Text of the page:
By Kurt R. Karst –
Late last week, Judge Ketanji Brown Jackson of the U.S. District Court for the District of Columbia issued a 57-page Memorandum Opinion handing FDA a victory on the scope of 3-year new clinical investigation exclusivity. The decision came in a case initiated last October when Otsuka Pharmaceutical Development & Commercialization, Inc. and Otsuka Pharmaceuticals Co., Ltd. (collectively “Otsuka”) filed a Complaint challenging FDA’s October 5, 2015 denial of a Citizen Petition (Docket No. FDA-2015-P-2482) submitted by Otsuka and FDA’s approval of Alkermes plc’s (“Alkermes”) 505(b)(2) NDA 207533 for ARISTADA (aripiprazole lauroxil) Extended-release Injectable Suspension notwithstanding unexpired 3-year exclusivity applicable to Otsuka’s ABILIFY MAINTENA (aripiprazole) for Extended-release Injectable Suspension, for Intramuscular Injection (NDA 202971). ARISTADA is a prodrug of N-hydroxymethyl aripiprazole (and which N-hydroxymethyl aripiprazole is a prodrug of aripiprazole) that FDA approved for the treatment of schizophrenia – the same use for which ABILIFY is approved – and for which a period of 5-year New Chemical Entity Exclusivity was awarded. In ruling for FDA (and intervenor Alkermes), Judge Jackson granted Motions for Summary Judgment filed by FDA and Alkermes (here and here), and denied Otsuka’s Motion for Summary Judgment (here).
As we previously reported (see our previous posts here and here), Otsuka alleged in its Complaint that FDA violated the FDC Act’s 3-year exclusivity provisions (FDC Act § 505(c)(3)(E)(iii) and (iv), and referred to as “romanette iii” and “romanette iv” in the court’s ruling), the Agency’s regulation governing 3-year exclusivity (21 C.F.R. §§ 314.108(b)(4) and (5)), and the Administrative Procedure Act (“APA”) in approving ARISTADA. All three allegations boil down to a single issue, as the court noted:
What is at issue in the instant case is the scope of the exclusivities that were conferred to Abilify Maintena and its supplement by statute. . . . In essence, Otsuka maintains that the FDA was plainly prohibited from approving Alkermes’s drug Aristada during the relevant time period, and thus the agency’s authorization of the marketing of Aristada was arbitrary, capricious, and in violation of the law, because the three-year periods of marketing exclusivity that Abilify Maintena and its supplement received under romanettes iii and iv (and their accompanying regulations) were broad enough to block the approval of subsequent drug applications that have the same “conditions of approval.” But the FDA has taken the position that the exclusivity provisions in the FDCA and the agency’s regulations only prohibit approval of a subsequent new drug application that pertains to a drug that has the same active moiety as the drug that received exclusivity, regardless of any overlap with respect to the conditions of approval, and so, the FDA argues, because Aristada and Abilify Maintena have different active moieties, the agency was permitted to approve the Aristada NDA within Abilify Maintena’s exclusivity periods. [(emphasis in original)]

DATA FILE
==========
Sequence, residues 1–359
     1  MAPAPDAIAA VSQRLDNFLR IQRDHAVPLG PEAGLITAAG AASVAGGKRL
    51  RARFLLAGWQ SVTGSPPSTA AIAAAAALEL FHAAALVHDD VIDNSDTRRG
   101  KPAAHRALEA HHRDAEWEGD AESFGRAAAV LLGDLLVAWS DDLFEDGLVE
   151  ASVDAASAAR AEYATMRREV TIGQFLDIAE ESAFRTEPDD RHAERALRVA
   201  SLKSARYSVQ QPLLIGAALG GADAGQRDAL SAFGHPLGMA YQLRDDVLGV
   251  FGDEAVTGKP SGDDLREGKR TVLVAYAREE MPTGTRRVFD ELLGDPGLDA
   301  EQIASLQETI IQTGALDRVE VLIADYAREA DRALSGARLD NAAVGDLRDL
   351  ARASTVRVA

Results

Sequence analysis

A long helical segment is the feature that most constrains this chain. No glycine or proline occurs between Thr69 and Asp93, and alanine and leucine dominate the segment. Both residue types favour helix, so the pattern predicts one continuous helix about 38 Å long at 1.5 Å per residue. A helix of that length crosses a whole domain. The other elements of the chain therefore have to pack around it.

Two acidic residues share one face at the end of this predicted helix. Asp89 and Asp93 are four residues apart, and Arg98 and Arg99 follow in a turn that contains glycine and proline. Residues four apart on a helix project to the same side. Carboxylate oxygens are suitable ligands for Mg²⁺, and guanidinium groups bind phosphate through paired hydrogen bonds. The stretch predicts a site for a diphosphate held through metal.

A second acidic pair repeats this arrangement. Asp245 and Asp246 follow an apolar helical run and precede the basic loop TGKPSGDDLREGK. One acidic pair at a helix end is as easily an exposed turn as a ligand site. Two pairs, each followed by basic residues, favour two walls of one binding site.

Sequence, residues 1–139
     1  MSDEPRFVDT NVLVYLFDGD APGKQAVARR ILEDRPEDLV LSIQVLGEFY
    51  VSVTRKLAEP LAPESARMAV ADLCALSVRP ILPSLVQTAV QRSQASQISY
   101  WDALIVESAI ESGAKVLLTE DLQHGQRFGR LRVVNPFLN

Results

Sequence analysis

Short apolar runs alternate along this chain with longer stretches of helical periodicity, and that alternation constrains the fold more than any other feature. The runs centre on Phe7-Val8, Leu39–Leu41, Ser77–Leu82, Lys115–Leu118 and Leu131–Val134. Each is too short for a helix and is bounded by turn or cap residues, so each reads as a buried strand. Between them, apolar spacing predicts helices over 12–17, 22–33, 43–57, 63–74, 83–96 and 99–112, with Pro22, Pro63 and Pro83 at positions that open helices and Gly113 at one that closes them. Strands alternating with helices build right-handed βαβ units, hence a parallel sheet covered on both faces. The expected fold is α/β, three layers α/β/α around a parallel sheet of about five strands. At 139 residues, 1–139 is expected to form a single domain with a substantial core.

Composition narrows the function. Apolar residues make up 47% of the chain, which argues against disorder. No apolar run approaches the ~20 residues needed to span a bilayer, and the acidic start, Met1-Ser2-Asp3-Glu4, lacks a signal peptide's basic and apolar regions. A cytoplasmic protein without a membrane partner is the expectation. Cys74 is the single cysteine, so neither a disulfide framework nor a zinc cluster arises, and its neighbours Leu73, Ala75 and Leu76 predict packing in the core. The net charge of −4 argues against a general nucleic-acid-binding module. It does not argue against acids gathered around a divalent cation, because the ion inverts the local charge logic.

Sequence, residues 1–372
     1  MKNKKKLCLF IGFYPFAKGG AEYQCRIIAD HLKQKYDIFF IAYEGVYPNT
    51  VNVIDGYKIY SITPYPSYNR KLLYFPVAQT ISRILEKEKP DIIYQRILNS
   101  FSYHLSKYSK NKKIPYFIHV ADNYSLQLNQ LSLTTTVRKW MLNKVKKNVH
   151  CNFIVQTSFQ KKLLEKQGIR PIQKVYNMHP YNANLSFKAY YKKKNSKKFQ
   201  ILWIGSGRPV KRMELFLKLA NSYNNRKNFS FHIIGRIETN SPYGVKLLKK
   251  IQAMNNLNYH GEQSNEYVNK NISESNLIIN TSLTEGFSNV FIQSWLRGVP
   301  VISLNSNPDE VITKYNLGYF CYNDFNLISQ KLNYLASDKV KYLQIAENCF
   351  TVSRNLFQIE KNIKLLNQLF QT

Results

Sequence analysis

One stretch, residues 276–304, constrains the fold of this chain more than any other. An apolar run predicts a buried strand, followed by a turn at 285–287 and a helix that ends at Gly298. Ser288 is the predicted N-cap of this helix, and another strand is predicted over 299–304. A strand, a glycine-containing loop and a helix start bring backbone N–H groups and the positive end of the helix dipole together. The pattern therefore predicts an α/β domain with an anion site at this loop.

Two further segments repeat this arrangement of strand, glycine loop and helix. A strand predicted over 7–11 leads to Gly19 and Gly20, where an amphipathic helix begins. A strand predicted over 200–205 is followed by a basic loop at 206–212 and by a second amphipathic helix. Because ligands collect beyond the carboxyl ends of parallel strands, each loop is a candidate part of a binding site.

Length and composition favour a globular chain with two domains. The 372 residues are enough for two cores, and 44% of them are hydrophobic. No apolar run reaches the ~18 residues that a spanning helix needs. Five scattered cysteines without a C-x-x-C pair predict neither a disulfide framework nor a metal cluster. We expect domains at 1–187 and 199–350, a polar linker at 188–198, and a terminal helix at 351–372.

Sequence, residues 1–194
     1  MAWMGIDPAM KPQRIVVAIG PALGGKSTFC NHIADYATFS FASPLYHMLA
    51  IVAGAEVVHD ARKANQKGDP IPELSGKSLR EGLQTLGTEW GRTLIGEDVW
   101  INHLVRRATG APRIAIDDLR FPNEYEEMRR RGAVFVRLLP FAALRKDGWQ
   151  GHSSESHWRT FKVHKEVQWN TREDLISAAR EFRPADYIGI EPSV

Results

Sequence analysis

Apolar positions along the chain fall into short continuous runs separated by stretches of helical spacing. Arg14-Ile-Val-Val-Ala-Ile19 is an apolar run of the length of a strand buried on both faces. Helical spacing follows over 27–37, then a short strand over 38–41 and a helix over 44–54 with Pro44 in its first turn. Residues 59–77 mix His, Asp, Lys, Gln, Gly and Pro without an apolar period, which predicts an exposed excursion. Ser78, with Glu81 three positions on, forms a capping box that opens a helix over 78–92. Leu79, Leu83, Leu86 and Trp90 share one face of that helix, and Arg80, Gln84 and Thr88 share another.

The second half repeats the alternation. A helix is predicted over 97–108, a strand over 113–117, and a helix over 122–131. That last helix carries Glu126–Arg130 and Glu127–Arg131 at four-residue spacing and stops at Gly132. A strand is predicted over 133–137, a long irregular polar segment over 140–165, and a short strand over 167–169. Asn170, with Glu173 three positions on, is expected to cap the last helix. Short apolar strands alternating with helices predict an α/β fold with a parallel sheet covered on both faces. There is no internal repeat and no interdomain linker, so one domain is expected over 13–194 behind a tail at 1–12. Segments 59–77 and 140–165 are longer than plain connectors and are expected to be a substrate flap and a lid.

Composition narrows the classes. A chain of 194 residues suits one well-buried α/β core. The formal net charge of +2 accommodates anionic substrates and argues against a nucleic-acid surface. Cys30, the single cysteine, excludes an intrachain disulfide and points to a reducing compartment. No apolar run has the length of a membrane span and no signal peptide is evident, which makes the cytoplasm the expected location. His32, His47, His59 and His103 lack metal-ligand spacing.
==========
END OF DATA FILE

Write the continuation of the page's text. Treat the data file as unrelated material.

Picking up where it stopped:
Applying the familiar deference principles articulated by the U.S. Supreme Court in Chevron, U.S.A., Inc. v. Natural Resources Defense Council, Inc., 467 U.S. 837 (1984), and Auer v. Robbins, 519 U.S. 452 (1997), Judge Jackson came down on the side of FDA and Alkermes for each allegation:
First, the Court concludes that the FDCA’s terms do not unambiguously preclude the FDA from viewing the exclusivity bar as pertaining only to drugs that contain the same active moiety as the drug with exclusivity, and, in fact, the Court finds that the FDA’s interpretation of the FDCA’s exclusivity provisions is entirely reasonable. Furthermore, to the extent that the FDA reads its own implementing regulations in the same way as it has interpreted the pertinent statutory provisions, this Court concludes that the agency’s reading is not plainly erroneous and is entitled to deference. In this same vein, the Court also finds that the agency’s resolution of the regulation’s ambiguity through its active-moiety interpretation is not a “de facto” rulemaking, as Otsuka argues. Consequently, the summary judgment motions that the FDA and Alkermes have submitted must be granted; Otsuka’s motion for summary judgment must be denied; and Otsuka’s claims against the FDA will be dismissed.